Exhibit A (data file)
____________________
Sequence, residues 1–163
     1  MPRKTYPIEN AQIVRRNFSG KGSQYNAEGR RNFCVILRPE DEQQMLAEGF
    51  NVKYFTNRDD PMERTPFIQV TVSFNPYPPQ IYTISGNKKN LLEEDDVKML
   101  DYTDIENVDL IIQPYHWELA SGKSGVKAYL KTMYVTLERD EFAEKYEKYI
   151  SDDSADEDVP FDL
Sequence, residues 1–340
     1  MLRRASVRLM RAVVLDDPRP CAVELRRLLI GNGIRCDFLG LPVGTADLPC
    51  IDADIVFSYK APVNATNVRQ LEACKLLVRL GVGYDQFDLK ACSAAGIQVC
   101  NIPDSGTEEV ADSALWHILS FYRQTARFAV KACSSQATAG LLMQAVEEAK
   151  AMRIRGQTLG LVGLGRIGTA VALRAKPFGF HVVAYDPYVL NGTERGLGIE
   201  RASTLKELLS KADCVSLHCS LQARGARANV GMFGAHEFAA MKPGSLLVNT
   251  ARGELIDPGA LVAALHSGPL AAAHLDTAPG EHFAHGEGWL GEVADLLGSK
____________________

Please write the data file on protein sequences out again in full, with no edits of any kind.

Sequence, residues 1–163
     1  MPRKTYPIEN AQIVRRNFSG KGSQYNAEGR RNFCVILRPE DEQQMLAEGF
    51  NVKYFTNRDD PMERTPFIQV TVSFNPYPPQ IYTISGNKKN LLEEDDVKML
   101  DYTDIENVDL IIQPYHWELA SGKSGVKAYL KTMYVTLERD EFAEKYEKYI
   151  SDDSADEDVP FDL
Sequence, residues 1–340
     1  MLRRASVRLM RAVVLDDPRP CAVELRRLLI GNGIRCDFLG LPVGTADLPC
    51  IDADIVFSYK APVNATNVRQ LEACKLLVRL GVGYDQFDLK ACSAAGIQVC
   101  NIPDSGTEEV ADSALWHILS FYRQTARFAV KACSSQATAG LLMQAVEEAK
   151  AMRIRGQTLG LVGLGRIGTA VALRAKPFGF HVVAYDPYVL NGTERGLGIE
   201  RASTLKELLS KADCVSLHCS LQARGARANV GMFGAHEFAA MKPGSLLVNT
   251  ARGELIDPGA LVAALHSGPL AAAHLDTAPG EHFAHGEGWL GEVADLLGSK